The Nighthawk’s Engine Stalls at Expressway Speeds; Now it Won’t Start

Honda NighthawkI usually like to write after I’ve fixed something. In this instance, however, I’m genuinely stumped.

On the 5th, I rode my motorcycle from Flint, Michigan down here to Chicagoland. Google Maps generally puts the drive at around four to five hours. It took me ten, though, because I couldn’t go faster than 55mph, due to stalling every time I went faster. That was extremely annoying. Every time I hit 65mph the engine would stall, and I would coast to a stop, being able to start the engine generally as I came to a halt with the clutch in.

Stalling on the expressway would be dangerous, but it would start to lose power about 30 seconds before dying, so I could downshift, get to the right lane close to the shoulder, and prepare myself. I’m thankful that I was able to handle the multitude of stalls without issue.

Regardless, I got the bike to Chicagoland without too much issue. Driving on I-290 at 4am is definitely different than 9am or 5pm. It was smooth riding!

Last Night Things Changed

I had thought that the problem was the air filter, since it was so dirty. My thinking is such:

It’s either fuel, air, or spark. Right??

Obviously I had spark, since it’s running and I put in new spark plugs just for fun anyways.

 

I replaced the air filter yesterday and after work I decided to go on a bit of a test run, pushing it to 65mph or faster just to see if I cured the problem. I hit 75mph and then felt a loss of power. It happened again.

With a clean air filter, I’m left with fuel as the problem. I replaced all of the fuel in the tank before I left, and I didn’t see any rust. It’s not the carbs, or else I’d always have problems, and the problems would especially persist at lower speeds, and I’d need my choke on to keep it running (I’ve been there on the Rebel!).

 

So I’ve googled around left and right, searching for things such as engine stalling at high speed, and motorcycle dying on the expressway. What Google has given me is that I possibly have some gunk in the fuel line, or a problem with the fuel filter or fuel screen, or perhaps the air vent for the tank. I have an inline fuel filter waiting for the bike, though I think the fuel line on this bike is larger than the Rebel. I didn’t look too closely or for too long. The fuel line is a little harder to access on the Nighthawk.

 

The big difference that last night held for me though was that after I got off of the expressway, I stalled going 35mph, and wasn’t able to get it restarted for an hour. I have 140 miles on that tank, but the last tank lasted over 180 miles so I didn’t think that I was low on fuel. I switched it to reserve either way, and let it cool off for a half hour in case I over heated.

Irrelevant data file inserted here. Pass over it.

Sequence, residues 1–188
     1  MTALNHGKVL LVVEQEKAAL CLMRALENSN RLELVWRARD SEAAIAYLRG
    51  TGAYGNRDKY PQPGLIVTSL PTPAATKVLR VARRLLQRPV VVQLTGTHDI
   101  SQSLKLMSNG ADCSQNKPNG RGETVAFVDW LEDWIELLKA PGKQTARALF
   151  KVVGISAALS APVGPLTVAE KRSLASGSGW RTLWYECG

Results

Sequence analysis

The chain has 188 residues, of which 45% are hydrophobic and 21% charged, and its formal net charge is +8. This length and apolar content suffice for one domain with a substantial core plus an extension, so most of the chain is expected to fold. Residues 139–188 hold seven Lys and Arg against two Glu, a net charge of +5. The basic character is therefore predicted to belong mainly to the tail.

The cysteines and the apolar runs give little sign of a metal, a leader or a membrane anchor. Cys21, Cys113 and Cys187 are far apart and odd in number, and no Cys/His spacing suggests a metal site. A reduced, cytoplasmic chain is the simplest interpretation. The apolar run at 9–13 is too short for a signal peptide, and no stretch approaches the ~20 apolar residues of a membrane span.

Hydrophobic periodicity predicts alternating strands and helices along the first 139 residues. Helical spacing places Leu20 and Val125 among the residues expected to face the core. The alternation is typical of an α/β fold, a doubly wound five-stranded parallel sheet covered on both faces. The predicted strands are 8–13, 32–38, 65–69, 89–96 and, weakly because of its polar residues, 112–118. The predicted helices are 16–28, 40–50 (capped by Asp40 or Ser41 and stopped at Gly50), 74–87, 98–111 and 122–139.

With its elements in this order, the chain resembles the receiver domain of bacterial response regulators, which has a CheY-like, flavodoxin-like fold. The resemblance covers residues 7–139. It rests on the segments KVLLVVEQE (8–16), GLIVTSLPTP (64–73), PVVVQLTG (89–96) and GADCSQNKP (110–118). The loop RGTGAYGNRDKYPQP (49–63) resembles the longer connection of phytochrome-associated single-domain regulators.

Bonus: the truck behind me on Naper Blvd stayed there with their flashers on till I was rolling again!

 

So this morning when I was ready to go to work, I got outside, put on the choke, started the engine, and as soon as I gave it throttle it would die. I have a car as secondary transport now, but it was still quite depressing that I couldn’t ride to work. It’s better to be safe in this instance, though. Tomorrow I plan on taking off the tank and checking the petcock’s fuel screen and my fuel lines, as well as putting that inline fuel filter in place.

2 thoughts on “The Nighthawk’s Engine Stalls at Expressway Speeds; Now it Won’t Start

  1. Kyle

    Did you ever figure out what was causing your bike to stall? I recently purchased a 1986 450 nighthawk and am having a similar issue. Stalling at freeway speeds, then having to wait a few minutes before it would start up again. No problem at all on city streets though.

    • Yep, I got it working after putting a new vacuum line on it. That sounds exactly what you’re dealing with.

      Go to an autoparts store. you’ll spend about $1.50 lol

      I brought in a chunk of the line so I could match it with what they have. I just cut off a half inch and reattached it.

      If I were you, I’d replace all of the vacuum tubing and the fuel lines.

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